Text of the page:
Null Hypothesis:
Sample drawn from a population that follows a normal distribution
Alt. Hypothesis:
Sample drawn from population that does not follow a normal distribution
Sample size: 20
Computed statistic: 0.972002
Computed pvalue: 0.784909
Result: [Accepted]
There is no statistical evidence against the null hypothesis
 
Apply the same hypothesis with regards to the data drawn from the uniform distribution.
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Shapiro and Wilk's WTest for Normality

Null Hypothesis:
Sample drawn from a population that follows a normal distribution
Alt. Hypothesis:
Sample drawn from population that does not follow a normal distribution
Sample size: 20
Computed statistic: 0.889151
Computed pvalue: 0.0259262
Result: [Rejected]
There exists statistical evidence against the null hypothesis
 


5 Tests for GoodnessofFit


The Statistics package provides two methods of testing goodnessoffit. The ChiSquareGoodnessOfFitTest function should be used to determine if an observed or empirical data set fits expected values for that data set. Similarly, the ChiSquareSuitableModelTest is available for testing how well a given probability distribution approximates a data sample.
Consider the following number of sales made on each day of the week at a jewelry store, tallied over one sales week (Monday to Saturday).
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 (5.1) 
We wish to test the hypothesis that sales are uniformly distributed throughout the week. The expected number of sales per day is then given by the number of sales averaged over the week.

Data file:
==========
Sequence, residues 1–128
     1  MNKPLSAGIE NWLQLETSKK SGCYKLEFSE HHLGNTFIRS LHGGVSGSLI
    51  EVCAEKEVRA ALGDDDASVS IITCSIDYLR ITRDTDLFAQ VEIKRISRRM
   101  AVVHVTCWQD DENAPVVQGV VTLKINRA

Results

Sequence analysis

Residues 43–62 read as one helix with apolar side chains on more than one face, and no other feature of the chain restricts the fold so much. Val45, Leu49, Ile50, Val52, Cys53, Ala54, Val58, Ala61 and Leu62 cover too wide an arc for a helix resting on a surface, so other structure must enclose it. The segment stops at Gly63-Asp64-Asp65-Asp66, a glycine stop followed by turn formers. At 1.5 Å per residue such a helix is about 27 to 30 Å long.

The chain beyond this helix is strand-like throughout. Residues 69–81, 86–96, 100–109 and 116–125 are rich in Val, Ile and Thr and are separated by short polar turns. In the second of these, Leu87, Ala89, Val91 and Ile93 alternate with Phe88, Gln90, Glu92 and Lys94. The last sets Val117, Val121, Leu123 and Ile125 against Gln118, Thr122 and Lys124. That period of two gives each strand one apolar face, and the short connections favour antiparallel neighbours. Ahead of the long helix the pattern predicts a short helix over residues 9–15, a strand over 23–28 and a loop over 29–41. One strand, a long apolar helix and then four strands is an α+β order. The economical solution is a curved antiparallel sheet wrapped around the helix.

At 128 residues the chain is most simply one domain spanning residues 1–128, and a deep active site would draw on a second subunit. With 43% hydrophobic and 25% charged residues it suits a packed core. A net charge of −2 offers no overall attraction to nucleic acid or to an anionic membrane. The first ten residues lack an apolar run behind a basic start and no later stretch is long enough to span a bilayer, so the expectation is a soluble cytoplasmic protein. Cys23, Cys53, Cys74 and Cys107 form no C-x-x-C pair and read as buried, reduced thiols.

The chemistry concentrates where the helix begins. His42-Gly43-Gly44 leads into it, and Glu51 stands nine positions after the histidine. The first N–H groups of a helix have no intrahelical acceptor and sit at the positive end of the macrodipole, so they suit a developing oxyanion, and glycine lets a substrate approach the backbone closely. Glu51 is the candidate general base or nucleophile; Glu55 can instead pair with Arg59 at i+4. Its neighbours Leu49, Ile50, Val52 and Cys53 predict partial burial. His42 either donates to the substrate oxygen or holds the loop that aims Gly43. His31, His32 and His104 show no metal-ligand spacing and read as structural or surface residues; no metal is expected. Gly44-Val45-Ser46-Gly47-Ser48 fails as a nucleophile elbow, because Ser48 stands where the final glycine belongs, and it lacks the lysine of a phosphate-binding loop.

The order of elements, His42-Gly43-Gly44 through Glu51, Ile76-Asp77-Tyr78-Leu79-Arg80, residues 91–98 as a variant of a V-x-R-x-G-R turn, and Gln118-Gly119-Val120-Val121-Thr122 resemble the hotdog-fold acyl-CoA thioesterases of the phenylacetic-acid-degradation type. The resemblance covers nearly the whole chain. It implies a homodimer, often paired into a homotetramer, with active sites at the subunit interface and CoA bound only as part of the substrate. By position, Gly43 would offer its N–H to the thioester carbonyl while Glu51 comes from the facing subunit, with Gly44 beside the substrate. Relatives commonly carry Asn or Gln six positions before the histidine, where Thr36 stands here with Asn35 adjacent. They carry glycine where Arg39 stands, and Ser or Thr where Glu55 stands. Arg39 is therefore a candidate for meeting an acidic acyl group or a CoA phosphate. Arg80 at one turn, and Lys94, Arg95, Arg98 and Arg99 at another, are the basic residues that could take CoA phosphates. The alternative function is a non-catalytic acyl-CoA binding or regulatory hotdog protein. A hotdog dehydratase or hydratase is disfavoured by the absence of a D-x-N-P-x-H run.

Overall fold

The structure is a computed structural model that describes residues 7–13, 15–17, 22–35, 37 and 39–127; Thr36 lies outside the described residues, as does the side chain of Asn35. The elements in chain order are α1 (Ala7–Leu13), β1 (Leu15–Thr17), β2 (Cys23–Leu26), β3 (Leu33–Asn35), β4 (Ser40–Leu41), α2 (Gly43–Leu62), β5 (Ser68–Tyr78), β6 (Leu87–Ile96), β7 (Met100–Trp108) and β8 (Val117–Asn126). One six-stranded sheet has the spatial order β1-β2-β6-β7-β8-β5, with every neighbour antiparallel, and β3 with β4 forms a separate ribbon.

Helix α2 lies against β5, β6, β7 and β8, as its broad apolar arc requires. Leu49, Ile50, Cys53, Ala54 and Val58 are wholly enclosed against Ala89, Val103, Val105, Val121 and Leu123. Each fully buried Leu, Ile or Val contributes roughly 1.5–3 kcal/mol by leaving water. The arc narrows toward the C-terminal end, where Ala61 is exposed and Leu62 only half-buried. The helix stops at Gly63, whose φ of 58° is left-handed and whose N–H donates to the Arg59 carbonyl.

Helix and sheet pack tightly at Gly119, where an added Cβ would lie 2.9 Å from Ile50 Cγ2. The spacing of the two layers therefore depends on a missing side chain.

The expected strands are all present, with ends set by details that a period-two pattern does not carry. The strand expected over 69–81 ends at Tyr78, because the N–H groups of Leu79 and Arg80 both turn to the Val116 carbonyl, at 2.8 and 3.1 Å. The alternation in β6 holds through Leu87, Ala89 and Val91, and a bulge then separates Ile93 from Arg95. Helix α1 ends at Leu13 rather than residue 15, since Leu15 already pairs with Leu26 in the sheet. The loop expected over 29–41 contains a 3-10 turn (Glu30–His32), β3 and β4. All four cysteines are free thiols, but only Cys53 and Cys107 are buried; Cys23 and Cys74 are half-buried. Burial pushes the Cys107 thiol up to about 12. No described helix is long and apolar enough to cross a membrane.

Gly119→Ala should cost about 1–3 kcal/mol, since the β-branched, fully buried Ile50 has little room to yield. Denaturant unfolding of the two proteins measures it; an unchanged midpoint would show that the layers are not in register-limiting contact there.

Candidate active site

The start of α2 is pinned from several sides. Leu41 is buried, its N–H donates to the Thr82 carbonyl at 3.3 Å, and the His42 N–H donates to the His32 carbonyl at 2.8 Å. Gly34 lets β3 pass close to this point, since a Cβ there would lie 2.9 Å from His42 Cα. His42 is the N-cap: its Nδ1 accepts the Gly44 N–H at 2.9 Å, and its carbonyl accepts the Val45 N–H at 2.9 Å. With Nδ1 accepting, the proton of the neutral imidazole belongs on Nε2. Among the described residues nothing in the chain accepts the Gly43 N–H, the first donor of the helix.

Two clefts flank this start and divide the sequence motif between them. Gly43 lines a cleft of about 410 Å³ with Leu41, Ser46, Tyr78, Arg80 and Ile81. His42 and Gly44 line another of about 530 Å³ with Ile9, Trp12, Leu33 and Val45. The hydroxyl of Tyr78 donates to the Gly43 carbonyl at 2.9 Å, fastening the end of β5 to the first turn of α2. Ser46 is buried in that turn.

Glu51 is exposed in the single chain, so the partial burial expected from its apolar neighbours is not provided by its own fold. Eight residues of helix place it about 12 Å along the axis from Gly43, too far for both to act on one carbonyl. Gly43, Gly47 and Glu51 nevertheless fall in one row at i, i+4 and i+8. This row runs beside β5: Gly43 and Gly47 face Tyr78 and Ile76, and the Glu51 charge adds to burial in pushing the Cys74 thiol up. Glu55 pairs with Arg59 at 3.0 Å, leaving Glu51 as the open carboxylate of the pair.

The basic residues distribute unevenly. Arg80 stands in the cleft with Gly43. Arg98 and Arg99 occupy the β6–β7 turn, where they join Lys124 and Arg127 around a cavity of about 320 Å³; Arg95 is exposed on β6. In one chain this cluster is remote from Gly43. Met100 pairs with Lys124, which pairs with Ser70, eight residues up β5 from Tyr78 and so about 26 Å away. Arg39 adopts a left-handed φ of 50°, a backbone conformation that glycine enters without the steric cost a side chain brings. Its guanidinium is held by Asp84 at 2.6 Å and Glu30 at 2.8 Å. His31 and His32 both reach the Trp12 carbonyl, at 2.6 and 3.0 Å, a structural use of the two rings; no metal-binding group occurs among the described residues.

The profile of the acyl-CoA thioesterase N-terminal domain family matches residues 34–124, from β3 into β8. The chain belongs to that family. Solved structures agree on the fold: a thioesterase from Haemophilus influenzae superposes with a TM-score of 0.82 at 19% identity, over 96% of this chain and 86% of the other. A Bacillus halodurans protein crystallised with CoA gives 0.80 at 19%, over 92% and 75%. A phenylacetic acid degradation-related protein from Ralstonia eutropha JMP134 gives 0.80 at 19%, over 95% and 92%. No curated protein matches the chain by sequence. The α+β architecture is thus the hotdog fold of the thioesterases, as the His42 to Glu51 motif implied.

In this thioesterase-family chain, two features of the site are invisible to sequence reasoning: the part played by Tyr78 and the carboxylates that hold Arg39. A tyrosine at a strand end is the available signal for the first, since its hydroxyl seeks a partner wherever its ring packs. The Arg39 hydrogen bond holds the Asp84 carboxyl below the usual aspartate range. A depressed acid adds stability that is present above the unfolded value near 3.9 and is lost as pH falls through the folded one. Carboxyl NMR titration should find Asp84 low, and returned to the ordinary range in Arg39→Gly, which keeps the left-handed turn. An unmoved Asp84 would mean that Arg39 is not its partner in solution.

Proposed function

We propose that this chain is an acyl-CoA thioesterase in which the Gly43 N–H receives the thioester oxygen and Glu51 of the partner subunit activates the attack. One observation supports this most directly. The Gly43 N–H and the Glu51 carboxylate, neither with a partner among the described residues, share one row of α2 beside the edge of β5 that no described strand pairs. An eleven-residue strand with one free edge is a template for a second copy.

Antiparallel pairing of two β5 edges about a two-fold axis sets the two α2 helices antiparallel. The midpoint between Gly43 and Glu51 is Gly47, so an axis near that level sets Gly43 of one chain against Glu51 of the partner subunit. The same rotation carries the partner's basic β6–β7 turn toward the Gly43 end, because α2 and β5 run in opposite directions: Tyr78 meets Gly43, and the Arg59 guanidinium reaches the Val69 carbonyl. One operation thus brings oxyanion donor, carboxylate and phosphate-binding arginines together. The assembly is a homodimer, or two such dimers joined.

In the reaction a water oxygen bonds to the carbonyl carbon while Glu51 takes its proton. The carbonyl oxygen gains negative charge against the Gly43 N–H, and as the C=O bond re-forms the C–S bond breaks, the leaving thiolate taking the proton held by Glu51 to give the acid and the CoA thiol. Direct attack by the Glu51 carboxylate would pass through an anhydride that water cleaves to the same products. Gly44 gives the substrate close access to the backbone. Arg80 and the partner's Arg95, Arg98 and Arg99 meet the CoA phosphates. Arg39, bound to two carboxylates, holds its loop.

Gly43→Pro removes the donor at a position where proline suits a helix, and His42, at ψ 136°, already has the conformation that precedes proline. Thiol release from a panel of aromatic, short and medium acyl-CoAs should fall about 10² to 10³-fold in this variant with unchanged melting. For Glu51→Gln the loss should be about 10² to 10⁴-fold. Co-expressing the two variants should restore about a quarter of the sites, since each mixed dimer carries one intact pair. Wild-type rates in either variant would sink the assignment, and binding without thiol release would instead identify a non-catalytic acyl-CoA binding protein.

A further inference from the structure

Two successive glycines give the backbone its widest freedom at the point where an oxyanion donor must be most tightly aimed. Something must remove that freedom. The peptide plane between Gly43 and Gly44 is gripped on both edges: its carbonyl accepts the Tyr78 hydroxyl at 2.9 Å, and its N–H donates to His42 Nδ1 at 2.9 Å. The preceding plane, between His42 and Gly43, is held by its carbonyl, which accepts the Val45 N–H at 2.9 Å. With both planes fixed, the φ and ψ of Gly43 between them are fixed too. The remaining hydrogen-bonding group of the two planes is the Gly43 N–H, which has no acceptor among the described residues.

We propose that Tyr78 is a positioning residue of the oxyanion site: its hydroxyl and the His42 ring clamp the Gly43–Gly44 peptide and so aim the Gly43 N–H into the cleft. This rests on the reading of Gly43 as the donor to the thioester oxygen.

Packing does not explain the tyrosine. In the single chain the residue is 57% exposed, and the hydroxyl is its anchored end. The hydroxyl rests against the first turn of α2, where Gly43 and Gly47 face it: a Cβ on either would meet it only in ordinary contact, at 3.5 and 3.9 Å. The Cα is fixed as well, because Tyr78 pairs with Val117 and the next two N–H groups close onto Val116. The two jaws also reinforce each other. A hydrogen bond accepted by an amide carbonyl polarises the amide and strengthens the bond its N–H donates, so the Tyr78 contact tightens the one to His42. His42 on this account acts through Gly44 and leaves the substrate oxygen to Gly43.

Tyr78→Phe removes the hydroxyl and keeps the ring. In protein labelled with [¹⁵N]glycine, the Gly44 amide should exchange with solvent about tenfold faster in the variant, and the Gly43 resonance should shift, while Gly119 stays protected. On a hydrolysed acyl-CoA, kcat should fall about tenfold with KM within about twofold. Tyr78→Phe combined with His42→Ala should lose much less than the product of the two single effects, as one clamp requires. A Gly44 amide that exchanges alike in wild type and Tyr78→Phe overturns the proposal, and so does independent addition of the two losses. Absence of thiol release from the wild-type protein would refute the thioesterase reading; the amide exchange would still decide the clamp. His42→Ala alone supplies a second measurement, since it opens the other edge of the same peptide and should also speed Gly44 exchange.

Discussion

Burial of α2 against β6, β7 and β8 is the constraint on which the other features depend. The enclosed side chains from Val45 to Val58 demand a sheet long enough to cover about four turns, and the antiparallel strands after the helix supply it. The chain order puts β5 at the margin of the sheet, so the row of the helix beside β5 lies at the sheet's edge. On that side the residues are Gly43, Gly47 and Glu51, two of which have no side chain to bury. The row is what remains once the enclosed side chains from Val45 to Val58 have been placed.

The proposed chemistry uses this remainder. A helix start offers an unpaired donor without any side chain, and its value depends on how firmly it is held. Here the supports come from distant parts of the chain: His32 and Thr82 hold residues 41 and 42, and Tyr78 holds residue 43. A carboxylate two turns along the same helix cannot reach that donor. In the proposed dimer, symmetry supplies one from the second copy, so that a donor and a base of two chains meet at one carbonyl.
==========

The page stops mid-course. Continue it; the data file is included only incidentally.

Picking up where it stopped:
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 (5.2) 
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 (5.3) 
We now test the hypothesis (using ChiSquareGoodnessOfFitTest) that the observed number of sales per day is consistent with a uniformly distributed number of sales each day.
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ChiSquare Test for GoodnessofFit

Null Hypothesis:
Observed sample does not differ from expected sample
Alt. Hypothesis:
Observed sample differs from expected sample
Categories: 6
Distribution: ChiSquare(5)
Computed statistic: 5
Computed pvalue: 0.41588
Critical value: 11.07049741
Result: [Accepted]
There is no statistical evidence against the null hypothesis
 
Hence we conclude that a uniformly distributed number of sales is a reasonable claim.
Consider a dataset of times during a day when sales are made. Determine if sales are uniformly distributed during the day (consider an 8 hour working day where sales are measured between 0.0 and 8.0, the number of hours into the day). The data in this case is continuous and we are testing against a uniform probability distribution.
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Apply the chi square suitable model test to determine if a uniform distribution closely matches the provided data.
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ChiSquare Test for Suitable Probability Model